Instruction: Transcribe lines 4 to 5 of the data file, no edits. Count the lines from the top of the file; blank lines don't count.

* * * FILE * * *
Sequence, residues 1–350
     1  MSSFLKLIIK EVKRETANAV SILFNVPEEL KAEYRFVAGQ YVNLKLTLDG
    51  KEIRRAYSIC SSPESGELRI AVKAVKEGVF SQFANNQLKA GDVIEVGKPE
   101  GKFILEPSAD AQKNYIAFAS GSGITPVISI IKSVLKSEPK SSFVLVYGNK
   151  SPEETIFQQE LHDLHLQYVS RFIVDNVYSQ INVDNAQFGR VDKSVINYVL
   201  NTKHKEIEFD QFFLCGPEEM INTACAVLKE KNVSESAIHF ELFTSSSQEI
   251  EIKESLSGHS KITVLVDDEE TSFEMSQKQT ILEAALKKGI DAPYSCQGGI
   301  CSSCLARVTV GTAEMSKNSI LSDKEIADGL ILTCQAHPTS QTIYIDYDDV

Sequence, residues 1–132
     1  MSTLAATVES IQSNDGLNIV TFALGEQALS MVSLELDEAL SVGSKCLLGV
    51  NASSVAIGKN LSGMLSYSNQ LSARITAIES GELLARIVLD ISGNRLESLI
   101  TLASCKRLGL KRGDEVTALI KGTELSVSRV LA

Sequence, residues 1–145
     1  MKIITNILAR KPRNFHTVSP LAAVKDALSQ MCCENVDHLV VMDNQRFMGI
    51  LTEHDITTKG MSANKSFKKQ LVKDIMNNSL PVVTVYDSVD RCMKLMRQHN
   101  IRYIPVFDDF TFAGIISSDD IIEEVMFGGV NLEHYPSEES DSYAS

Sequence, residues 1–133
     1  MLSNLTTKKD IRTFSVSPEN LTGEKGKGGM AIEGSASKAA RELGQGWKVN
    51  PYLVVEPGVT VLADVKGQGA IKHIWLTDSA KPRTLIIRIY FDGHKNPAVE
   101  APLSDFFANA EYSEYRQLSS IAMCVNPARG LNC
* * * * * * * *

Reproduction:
   101  GKFILEPSAD AQKNYIAFAS GSGITPVISI IKSVLKSEPK SSFVLVYGNK
   151  SPEETIFQQE LHDLHLQYVS RFIVDNVYSQ INVDNAQFGR VDKSVINYVL